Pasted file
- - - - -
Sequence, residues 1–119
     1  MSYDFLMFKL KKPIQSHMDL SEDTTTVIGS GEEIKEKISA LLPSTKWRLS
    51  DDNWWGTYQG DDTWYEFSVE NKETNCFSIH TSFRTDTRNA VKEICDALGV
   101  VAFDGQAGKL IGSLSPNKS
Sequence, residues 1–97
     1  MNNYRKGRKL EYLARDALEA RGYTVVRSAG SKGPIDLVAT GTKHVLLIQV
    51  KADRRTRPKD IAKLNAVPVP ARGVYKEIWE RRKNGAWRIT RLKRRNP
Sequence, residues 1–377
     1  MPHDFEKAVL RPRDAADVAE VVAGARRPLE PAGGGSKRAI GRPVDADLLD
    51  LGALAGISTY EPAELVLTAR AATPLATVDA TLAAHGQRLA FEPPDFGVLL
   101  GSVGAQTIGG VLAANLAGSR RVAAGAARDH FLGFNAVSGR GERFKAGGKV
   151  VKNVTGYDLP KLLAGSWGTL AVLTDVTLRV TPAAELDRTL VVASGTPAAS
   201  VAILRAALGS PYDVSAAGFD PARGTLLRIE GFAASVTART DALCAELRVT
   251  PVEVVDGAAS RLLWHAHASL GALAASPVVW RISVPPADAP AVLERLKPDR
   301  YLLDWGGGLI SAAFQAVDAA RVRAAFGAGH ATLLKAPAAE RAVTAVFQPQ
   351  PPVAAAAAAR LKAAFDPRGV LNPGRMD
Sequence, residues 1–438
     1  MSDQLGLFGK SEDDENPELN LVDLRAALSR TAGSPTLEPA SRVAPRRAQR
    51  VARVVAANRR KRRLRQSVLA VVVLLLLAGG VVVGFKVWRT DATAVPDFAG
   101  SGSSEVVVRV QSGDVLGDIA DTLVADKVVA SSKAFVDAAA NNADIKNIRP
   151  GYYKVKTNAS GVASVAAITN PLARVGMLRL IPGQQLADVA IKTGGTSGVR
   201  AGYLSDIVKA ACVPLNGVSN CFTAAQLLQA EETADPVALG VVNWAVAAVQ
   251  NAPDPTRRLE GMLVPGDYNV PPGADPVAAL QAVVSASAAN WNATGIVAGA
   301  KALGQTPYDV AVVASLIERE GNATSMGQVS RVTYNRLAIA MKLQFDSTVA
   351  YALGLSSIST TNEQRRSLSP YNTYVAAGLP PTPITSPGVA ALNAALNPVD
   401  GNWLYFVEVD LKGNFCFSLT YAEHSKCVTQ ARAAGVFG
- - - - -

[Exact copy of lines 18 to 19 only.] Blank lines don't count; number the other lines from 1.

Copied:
     1  MSDQLGLFGK SEDDENPELN LVDLRAALSR TAGSPTLEPA SRVAPRRAQR
    51  VARVVAANRR KRRLRQSVLA VVVLLLLAGG VVVGFKVWRT DATAVPDFAG